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I know that printing money causes inflation, but what if we print it to pay back our debts?

For example, we have N dollars of debt to China. We can just print the N dollars and give it to China.

This way, we would not have more money in our country which would cause inflation, and we would not be giving from our own money, which would cause deflation. Also, China gets back the money U.S. owed it.

My guess is that it would cause some kind of weakening of the Chinese money against the USD, but could anyone verify that?

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    $\begingroup$ Welcome to the site. It's fine to give an example involving the US and China (or any other countries). But as this is an international site and your question may be read by participants anywhere in the world, please consider referring to each country by name, rather than using "we". $\endgroup$ – Adam Bailey Jun 23 '16 at 8:41
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Printing money causes inflation because someone (or some institution) will get the money and will spend it somehow. This increases demand for goods, but the number of goods, the supply was not affected by printing money. Hence demand at the old price level is larger than supply at the old price level. Prices will rise until a new equilibrium is reached.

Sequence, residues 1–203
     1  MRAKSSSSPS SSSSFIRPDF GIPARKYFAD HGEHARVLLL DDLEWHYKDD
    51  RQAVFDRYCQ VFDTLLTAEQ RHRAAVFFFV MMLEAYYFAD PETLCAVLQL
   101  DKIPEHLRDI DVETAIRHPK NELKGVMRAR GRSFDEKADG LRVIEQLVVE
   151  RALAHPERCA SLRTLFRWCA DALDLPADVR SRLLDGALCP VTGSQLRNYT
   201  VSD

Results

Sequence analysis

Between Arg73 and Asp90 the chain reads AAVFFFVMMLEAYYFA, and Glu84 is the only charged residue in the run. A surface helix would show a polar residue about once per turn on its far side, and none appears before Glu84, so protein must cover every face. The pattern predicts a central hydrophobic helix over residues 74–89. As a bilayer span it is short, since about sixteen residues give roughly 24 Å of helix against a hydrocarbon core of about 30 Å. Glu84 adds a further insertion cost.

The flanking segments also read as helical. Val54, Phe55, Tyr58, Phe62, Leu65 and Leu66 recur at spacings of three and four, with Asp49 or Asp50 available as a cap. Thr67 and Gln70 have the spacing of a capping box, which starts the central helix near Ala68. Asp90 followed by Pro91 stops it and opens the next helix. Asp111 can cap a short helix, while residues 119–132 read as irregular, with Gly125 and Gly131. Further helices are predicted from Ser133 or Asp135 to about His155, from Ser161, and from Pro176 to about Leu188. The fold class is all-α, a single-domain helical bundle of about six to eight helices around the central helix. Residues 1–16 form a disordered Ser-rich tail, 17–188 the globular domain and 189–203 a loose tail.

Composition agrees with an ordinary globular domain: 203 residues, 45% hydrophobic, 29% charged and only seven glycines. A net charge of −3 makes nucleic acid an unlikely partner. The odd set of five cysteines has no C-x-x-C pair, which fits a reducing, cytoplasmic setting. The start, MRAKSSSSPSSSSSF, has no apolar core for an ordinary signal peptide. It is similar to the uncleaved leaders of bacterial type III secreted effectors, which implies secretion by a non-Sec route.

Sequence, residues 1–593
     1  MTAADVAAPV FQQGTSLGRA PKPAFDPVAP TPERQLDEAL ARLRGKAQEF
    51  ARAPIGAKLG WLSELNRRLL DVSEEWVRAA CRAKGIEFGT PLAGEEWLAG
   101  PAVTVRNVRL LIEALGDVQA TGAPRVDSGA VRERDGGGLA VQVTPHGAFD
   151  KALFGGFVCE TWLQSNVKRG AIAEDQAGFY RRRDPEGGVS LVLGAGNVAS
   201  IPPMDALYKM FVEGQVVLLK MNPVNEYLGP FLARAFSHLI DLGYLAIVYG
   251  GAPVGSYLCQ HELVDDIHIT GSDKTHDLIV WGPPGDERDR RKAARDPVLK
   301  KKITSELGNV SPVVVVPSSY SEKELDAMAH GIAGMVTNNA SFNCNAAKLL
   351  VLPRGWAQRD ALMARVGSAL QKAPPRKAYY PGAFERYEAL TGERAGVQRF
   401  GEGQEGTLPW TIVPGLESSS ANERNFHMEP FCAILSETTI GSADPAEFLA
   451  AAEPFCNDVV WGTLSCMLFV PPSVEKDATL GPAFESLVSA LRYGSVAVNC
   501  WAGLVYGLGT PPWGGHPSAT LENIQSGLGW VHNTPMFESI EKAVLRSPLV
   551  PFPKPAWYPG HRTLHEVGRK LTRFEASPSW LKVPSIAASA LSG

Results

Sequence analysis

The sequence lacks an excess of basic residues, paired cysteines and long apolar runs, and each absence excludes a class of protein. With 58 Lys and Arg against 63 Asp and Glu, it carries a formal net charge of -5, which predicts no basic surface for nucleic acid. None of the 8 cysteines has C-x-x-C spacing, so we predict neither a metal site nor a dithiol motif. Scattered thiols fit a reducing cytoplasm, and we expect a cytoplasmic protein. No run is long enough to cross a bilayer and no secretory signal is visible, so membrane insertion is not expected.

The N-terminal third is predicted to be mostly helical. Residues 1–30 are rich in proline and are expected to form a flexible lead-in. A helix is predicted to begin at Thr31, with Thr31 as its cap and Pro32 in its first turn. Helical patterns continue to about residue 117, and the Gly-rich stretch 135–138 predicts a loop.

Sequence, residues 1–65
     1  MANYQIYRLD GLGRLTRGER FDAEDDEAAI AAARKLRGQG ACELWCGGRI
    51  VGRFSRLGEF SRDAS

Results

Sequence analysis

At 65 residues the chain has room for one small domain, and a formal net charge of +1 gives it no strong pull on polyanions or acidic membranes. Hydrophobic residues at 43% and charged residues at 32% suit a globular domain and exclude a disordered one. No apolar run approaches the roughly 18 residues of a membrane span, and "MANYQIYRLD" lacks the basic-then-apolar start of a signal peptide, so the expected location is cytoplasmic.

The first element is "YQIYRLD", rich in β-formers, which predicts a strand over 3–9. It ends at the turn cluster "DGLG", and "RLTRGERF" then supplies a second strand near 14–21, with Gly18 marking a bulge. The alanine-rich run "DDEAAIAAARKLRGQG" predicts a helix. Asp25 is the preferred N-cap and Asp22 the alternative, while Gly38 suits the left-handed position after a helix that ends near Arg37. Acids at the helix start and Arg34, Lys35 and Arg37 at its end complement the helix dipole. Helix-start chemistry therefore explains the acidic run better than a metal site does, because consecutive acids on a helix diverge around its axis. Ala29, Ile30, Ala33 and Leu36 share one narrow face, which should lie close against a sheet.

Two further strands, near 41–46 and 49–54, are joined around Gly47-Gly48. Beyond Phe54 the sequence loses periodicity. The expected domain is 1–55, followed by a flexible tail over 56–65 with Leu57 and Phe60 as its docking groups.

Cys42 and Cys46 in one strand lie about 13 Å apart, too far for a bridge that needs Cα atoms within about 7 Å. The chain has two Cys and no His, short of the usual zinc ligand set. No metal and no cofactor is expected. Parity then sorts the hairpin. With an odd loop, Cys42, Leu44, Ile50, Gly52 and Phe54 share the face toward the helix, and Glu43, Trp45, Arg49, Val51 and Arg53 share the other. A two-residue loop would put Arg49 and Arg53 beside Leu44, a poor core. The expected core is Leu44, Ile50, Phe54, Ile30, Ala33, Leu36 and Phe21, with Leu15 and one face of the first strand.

The problem is that you seem to think that the N dollars you give to China would be gone. But it wouldn't be, the people who got it in China can now spend it in the US. They can import things, come as tourists, make investment purchases etc. This increases demand and results in inflation again.

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Printing more money for the sake of paying off debt is not a good option to consider. There is no benefit to the economy in china as no transaction is being made. the main impact will be on inflation as it would rise.

The supply and demand of money equation would be disrupted, so this would ultimately lead to supply greater than demand and in the end the prices would also rise.

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